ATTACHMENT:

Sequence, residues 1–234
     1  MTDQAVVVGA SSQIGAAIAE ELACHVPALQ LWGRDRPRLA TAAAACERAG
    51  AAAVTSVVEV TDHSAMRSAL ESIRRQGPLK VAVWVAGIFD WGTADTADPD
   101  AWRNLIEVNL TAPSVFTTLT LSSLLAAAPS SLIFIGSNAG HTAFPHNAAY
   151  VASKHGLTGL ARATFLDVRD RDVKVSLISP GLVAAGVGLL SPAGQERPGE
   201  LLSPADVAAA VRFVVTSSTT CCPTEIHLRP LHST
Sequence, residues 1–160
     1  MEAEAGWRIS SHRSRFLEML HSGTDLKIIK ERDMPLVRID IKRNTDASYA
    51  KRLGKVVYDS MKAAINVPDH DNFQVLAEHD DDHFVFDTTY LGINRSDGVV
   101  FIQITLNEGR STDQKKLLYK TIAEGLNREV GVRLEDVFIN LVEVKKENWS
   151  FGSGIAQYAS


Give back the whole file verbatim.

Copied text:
Sequence, residues 1–234
     1  MTDQAVVVGA SSQIGAAIAE ELACHVPALQ LWGRDRPRLA TAAAACERAG
    51  AAAVTSVVEV TDHSAMRSAL ESIRRQGPLK VAVWVAGIFD WGTADTADPD
   101  AWRNLIEVNL TAPSVFTTLT LSSLLAAAPS SLIFIGSNAG HTAFPHNAAY
   151  VASKHGLTGL ARATFLDVRD RDVKVSLISP GLVAAGVGLL SPAGQERPGE
   201  LLSPADVAAA VRFVVTSSTT CCPTEIHLRP LHST
Sequence, residues 1–160
     1  MEAEAGWRIS SHRSRFLEML HSGTDLKIIK ERDMPLVRID IKRNTDASYA
    51  KRLGKVVYDS MKAAINVPDH DNFQVLAEHD DDHFVFDTTY LGINRSDGVV
   101  FIQITLNEGR STDQKKLLYK TIAEGLNREV GVRLEDVFIN LVEVKKENWS
   151  FGSGIAQYAS